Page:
I’m a sucker for bright, cartoony games. I know people who absolutely won’t play a game unless they’re grim dark with photorealistic graphics. That’s a shame, because there are some real gems out there. El Hijo is definitely one of them. It’s like playing a game with Pixar art style, but with some seriously fun stealth mechanics. It’s a Wild West tale that doesn’t give you guns, instead replacing them with slingshots, and lots of heart.
El Hijo– A Wild West Tale is a stealth-based adventure game where you play as a young boy—and sometimes his mom—who have to sneak, hide, and otherwise avoid conflict through multiple different scenarios. There isn’t combat—you can’t fight, all you can do is run, hide, and hopefully not be caught. Unlike some stealth games, being noticed isn’t instant failure—I appreciate that, because stealth is the main mode of gameplay here. There isn’t an option to “go loud,” and in fact, there isn’t an option to fight enemies at all—or even sneak up to them an incapacitate them. At best– and this is much later in the game–you can stun people temporarily.
There is a story to El Hijo that is told mostly through cutscenes—and it is completely without dialogue. It uses a lot of spaghetti (and non-spaghetti) western tropes—but turns a few on their head. Instead of a gravelly gun slinging husband who is mourning over his wife’s death, the husband is dead—and the wife teaches her son the ways of stealth and combat avoidance. While the story isn’t specifically poignant, it had its emotional moments, and even without dialogue the fantastic art does an excellent job of conveying the emotions between the mom and son, even if it doesn’t do a great job of establishing the stakes.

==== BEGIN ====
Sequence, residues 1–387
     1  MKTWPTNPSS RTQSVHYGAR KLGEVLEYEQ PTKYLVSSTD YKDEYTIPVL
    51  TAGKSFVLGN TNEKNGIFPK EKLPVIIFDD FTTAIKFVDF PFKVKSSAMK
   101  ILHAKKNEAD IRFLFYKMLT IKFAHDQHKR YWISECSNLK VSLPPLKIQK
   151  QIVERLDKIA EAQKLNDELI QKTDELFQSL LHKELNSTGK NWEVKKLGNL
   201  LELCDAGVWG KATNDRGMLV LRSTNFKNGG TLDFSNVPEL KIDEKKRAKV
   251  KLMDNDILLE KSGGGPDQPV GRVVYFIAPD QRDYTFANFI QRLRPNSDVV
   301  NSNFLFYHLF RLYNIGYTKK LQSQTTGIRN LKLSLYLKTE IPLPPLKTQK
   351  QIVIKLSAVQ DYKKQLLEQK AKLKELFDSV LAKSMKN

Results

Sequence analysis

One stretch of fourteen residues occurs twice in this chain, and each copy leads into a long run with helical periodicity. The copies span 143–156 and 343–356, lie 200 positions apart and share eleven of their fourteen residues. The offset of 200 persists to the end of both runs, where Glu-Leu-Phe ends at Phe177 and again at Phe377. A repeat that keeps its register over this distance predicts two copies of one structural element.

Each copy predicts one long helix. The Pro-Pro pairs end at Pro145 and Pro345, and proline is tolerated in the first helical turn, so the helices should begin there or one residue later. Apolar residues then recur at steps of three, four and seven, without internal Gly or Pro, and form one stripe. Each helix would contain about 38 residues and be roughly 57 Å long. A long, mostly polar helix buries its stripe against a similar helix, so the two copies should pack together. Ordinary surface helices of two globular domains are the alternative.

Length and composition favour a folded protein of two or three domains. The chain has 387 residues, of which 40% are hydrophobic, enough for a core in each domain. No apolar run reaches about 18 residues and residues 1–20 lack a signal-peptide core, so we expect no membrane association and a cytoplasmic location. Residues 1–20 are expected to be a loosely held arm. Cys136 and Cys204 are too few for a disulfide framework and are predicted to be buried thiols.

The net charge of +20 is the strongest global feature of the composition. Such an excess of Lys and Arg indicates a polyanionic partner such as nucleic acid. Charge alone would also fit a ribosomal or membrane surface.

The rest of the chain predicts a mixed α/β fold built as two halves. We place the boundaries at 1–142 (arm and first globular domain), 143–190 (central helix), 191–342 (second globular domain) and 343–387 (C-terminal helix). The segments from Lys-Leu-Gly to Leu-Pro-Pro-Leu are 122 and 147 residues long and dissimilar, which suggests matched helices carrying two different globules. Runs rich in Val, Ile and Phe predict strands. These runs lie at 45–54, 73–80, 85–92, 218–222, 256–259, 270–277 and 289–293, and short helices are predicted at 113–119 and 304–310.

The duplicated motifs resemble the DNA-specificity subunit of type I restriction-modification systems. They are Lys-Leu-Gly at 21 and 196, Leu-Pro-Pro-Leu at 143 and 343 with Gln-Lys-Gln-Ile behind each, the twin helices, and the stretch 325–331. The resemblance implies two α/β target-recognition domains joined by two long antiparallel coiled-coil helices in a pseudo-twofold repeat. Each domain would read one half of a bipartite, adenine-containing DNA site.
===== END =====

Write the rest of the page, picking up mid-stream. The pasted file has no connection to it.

Stealth in El Hijo is fast, and fun. Some stealth games feel slow, requiring precise timing. I found El Hijo’s brand of stealth to be more trial-and-error based. There are checkpoints scattered through most levels, and if you fail for any reason, you can restart from these checkpoints relatively quickly. This is great, because it doesn’t punish you severely for making a mistake. But even if you make a mistake, enemies in El Hijo give up the chase rather easily. In fact, one of my chief complaints is the AI—it seems as though the AI is a little too easy at times, forgetting they were chasing someone moments after beginning their chase. El Hijo liberally uses stealth game tropes and logic—but that’s okay, because it’s a fun experience.
Hiding in the dark, and even hiding in objects like furniture and vases are commonly how you’ll avoid enemies, but there are clever, more puzzle-like scenarios throughout. In addition to that, you will have tools to use to make stealthing around a little easier. Unlike most stealth games, however, you can’t kill or incapacitate enemies to remove them from the action—the most you can do is stun them for a few moments. As the mother, you have a powerful slingshot (which gets passed along to her son near the end of the game) that can break locks and vases. The son, meanwhile, has a less powerful slingshot (eventually) or rocks that can be used to distract enemies. The son also gets toy soldiers that work similarly to rocks, but have more staying power and flexibility. Eventually you’ll also get access to cactus flowers, which emit gas that makes enemies blind (you know, just like in real life, or something) and fireworks that break boxes and stun enemies—the closest thing to a weapon in the game. There is also a hat that allows the son to hilariously conceal himself in plain sight—much like the box in Metal Gear Solid. Who suspects the lone hat?
I do have one complaint, though. Some sections of El Hijo are great—tight, well thought out, fun. Others, however, seem to suffer from difficulty spikes, and challenges that are not as well refined. These sections appear somewhere in the last quarter of the game, right when the dogs begin to show up. There was a lot of trial and error for me while I attempted to learn new mechanics that weren’t established as obviously as others. It barely slowed down my playthrough, but it’s a slight blemish on an otherwise nearly perfect game.
It’s great to see a game use the Wild West in a semi-novel way. I adore the art style, and was absolutely charmed by El Hijo. It is a good stealth game—it simultaneous subverts sub-genre expectations while using lots of stealth tropes. If any aspect of this delightful game looks appealing, I’m sure you won’t be disappointed with it.
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